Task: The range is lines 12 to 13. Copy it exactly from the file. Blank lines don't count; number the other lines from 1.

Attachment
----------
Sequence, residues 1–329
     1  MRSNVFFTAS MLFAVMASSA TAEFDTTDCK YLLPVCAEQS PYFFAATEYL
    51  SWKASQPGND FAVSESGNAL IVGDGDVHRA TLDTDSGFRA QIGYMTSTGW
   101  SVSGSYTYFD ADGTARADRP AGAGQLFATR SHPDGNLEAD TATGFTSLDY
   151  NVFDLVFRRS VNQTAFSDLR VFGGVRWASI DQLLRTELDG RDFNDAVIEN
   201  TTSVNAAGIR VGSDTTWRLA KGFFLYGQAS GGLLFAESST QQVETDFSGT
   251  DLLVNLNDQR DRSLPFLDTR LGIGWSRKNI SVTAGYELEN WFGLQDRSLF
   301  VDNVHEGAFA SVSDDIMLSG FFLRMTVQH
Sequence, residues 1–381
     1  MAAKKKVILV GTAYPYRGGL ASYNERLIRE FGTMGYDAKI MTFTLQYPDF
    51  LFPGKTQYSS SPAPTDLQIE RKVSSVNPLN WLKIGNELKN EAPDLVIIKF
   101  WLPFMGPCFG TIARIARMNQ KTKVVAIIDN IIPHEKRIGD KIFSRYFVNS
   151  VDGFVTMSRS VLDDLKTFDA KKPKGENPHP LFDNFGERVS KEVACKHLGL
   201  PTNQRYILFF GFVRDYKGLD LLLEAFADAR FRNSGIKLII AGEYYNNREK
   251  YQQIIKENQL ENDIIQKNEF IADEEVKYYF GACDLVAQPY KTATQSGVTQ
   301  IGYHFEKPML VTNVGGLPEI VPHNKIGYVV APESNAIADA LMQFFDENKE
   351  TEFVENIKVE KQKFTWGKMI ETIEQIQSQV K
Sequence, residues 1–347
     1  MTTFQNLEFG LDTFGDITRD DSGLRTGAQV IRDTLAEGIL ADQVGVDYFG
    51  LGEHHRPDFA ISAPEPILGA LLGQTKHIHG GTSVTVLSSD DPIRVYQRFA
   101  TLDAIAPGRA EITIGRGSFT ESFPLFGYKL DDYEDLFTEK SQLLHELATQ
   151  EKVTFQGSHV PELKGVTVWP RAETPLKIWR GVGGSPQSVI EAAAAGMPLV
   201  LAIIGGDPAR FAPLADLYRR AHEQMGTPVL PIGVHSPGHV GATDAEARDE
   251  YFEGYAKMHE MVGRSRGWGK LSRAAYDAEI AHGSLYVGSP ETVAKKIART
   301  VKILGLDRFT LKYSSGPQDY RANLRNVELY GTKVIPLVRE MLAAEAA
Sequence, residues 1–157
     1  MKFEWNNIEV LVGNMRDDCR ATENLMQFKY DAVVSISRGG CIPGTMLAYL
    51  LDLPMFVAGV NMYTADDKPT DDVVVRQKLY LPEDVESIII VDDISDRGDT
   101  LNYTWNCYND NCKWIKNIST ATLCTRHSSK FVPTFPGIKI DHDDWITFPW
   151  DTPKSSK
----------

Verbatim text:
   101  WLPFMGPCFG TIARIARMNQ KTKVVAIIDN IIPHEKRIGD KIFSRYFVNS
   151  VDGFVTMSRS VLDDLKTFDA KKPKGENPHP LFDNFGERVS KEVACKHLGL